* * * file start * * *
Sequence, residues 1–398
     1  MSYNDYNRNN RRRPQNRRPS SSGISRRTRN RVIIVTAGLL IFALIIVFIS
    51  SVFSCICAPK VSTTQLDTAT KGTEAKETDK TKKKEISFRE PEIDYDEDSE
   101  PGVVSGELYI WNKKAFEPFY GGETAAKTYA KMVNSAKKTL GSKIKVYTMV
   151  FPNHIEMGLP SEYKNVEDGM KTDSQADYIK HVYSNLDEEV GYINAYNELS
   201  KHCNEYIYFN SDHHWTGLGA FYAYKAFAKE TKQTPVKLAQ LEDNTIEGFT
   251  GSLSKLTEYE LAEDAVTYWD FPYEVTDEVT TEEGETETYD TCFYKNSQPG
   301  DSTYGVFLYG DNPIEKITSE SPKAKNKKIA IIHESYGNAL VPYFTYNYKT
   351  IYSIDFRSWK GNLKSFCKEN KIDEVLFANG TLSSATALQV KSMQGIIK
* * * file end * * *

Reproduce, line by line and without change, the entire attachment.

Sequence, residues 1–398
     1  MSYNDYNRNN RRRPQNRRPS SSGISRRTRN RVIIVTAGLL IFALIIVFIS
    51  SVFSCICAPK VSTTQLDTAT KGTEAKETDK TKKKEISFRE PEIDYDEDSE
   101  PGVVSGELYI WNKKAFEPFY GGETAAKTYA KMVNSAKKTL GSKIKVYTMV
   151  FPNHIEMGLP SEYKNVEDGM KTDSQADYIK HVYSNLDEEV GYINAYNELS
   201  KHCNEYIYFN SDHHWTGLGA FYAYKAFAKE TKQTPVKLAQ LEDNTIEGFT
   251  GSLSKLTEYE LAEDAVTYWD FPYEVTDEVT TEEGETETYD TCFYKNSQPG
   301  DSTYGVFLYG DNPIEKITSE SPKAKNKKIA IIHESYGNAL VPYFTYNYKT
   351  IYSIDFRSWK GNLKSFCKEN KIDEVLFANG TLSSATALQV KSMQGIIK